Create a MIDI Device

Create a MIDI device to generate music on your computer

Introduction

This tutorial shows how ho use the Native USB port of an Arduino Zero, Due or 101 board as a MIDI device using the Arduino MIDI USB library.

Goals

  • Learn how to create a MIDI device
  • Control the velocity of a note with a linear potentiometer
  • Use the Arduino to play notes on a virtual synthesizer

Hardware & Software Needed

MIDI Sound Generation on Linux

If you use a Linux machine as the sound generating device, the test procedure described in the main page of the library on Github must be followed to make this example work in the right way. In particular it is necessary to load the correct drivers and soundbank as described in the first part of the explanation. Free soundbanks can be easily found on the web searching for free soundbanks .sf2

MIDI Sound Generation on Windows

The Windows Operating System has a software synth that works with General Standard MIDI commands since the early versions. It needs to be used by the proper MIDI software so that it gets the MIDI messages. This may be achieved with a variety of applications that route, connect or generate the streams between OUT and IN devices. The MIDI sound generator is therefore not directly driven by a MIDI device, like ours. As the routing software we suggest an open source application that allows us to route our MIDI OUT device to the MIDI IN of a software synth. Virtual MIDI Piano Keyboard allows us to properly configure the connections and it is also useful on OSX and Linux to manage the software sound generators.

Virtual MIDI Piano Keyboard is a MIDI events generator and receiver. It doesn't produce any sound by itself, but can be used to drive a MIDI synthesizer. It allows to use the computer's mouse and keyboard to play MIDI notes. Virtual MIDI Piano Keyboard can be also used to display the played MIDI notes from an instrument MIDI OUT stream or MIDI file player.

The stream of notes and commands routed by VMPK may drive the built-in "Microsoft GS Wavetable Synth", but the soundbanks are not too cool. We suggest that you download and use this CoolSoft Virtual MIDI Synth that supports soundfonts and also sounds great.

Circuit

Circuit for this tutorial
Circuit for this tutorial

Schematic

The schematic
The schematic

Programming the Board

1. First, let's make sure we have correct the drivers installed. If we are using the Web Editor, we do not need to install anything. If we are using an offline editor, we need to install it manually. This can be done by navigating to Tools > Board > Board Manager.... Here we need to look for the Arduino SAM boards (32-bits ARM Cortex-M3) or if you are using the Zero Arduino SAMD boards (32-bits ARM Cortex M0+) and install it.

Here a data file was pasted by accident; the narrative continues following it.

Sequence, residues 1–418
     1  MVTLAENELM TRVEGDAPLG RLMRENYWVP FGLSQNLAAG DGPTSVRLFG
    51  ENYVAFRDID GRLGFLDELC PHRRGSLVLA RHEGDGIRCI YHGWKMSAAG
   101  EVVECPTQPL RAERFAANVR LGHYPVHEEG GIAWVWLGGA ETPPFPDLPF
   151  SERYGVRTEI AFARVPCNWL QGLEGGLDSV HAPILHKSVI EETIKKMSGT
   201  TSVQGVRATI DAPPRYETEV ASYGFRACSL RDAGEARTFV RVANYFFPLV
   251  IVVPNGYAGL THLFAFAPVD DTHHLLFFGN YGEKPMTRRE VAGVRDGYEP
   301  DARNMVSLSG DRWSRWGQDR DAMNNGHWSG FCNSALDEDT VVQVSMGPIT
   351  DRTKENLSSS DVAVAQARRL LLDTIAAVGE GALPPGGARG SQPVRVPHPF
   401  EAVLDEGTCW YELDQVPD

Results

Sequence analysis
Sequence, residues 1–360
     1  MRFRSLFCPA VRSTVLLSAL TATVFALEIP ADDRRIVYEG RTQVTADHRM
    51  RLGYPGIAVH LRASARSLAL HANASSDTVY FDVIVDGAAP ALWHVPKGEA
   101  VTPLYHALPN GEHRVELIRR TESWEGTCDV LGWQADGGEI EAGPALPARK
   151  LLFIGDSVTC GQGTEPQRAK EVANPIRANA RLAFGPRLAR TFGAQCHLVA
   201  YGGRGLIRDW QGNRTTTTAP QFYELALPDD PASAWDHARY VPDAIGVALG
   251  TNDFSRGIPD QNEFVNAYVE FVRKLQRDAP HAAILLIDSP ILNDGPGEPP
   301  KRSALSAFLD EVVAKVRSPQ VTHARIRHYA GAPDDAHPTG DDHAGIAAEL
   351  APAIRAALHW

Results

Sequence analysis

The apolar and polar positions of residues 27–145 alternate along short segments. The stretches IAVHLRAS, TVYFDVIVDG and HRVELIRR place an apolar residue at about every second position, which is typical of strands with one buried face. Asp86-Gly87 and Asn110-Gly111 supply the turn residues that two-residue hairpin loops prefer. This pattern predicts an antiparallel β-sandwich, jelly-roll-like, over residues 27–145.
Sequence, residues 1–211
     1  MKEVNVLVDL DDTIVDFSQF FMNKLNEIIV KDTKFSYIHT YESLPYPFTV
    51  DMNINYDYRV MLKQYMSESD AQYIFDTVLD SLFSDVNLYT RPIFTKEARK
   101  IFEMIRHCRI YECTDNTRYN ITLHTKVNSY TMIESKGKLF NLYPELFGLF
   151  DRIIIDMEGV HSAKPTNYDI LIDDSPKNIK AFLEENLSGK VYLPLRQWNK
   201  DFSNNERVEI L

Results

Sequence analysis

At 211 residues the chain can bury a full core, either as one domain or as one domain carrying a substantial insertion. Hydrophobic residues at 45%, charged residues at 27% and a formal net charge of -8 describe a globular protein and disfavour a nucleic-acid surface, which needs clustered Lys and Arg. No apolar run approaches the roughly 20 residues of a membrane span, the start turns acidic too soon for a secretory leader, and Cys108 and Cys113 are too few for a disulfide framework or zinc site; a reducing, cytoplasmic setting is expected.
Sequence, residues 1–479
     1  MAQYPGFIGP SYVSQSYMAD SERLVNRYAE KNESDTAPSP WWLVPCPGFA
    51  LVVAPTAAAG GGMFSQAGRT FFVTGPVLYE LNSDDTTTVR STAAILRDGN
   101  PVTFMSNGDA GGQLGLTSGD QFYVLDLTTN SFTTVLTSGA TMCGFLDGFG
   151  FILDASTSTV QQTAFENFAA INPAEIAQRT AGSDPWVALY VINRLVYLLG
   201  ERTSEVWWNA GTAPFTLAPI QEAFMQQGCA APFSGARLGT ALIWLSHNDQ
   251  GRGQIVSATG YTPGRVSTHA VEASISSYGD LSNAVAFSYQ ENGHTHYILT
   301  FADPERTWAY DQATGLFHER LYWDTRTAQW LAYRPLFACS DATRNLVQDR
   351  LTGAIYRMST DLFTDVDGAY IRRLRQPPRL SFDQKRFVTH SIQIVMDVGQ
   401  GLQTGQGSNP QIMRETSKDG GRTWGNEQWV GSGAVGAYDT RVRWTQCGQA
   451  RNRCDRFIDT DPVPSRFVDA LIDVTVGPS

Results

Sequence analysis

2. Now, we need to install the libraries needed. Simply go to Tools > Manage libraries... and search for MIDIUSB and install it.

Code

MIDI Messages

In this example basically two MIDI messages are sent:

  • noteOn message: to state which note must be played;

  • noteOff message: to state which note previously played must be turned off;

The noteOff message is important because the MIDI protocol is event based and the pressure of a key triggers a sound generator that stays on with the specified note until another event is sent, as note off, signaling that the same key has been released and the generator should stop. Each noteOn requires a noteOff or a "all Notes Off" message.

Note Velocity

In the prototype of the used functions, a parameter called velocity is present. This name can be interpreted as a false friend since it indicates how loud is the note and not for how long the note is on. This is part of MIDI specs. Some musical keyboards are velocity sensitive and use the speed of the note press as a measure of the loudness that the player wants to use for that note. A piano works in this way. The velocity parameter is controlled by means of the linear potentiometer attached to the A0 input.

In the code the various pitches associated to the notes are defined in a separate header files included at the very beginning of the sketch. We suggest to go the the GitHub repository to follow this example.

The keys and the linear potentiometer are associated to the pins by means of the following numeric constants.

1const uint8_t button1 = 2;
2
3const uint8_t button2 = 3;
4
5const uint8_t button3 = 4;
6
7const uint8_t button4 = 5;
8
9const uint8_t button5 = 6;
10
11const uint8_t button6 = 7;
12
13const uint8_t button7 = 8;
14
15const int intensityPot = 0; //A0 input

Please note that the intensityPot is defined equal to 0 because the define A0 is associated to the respective note in this particular example.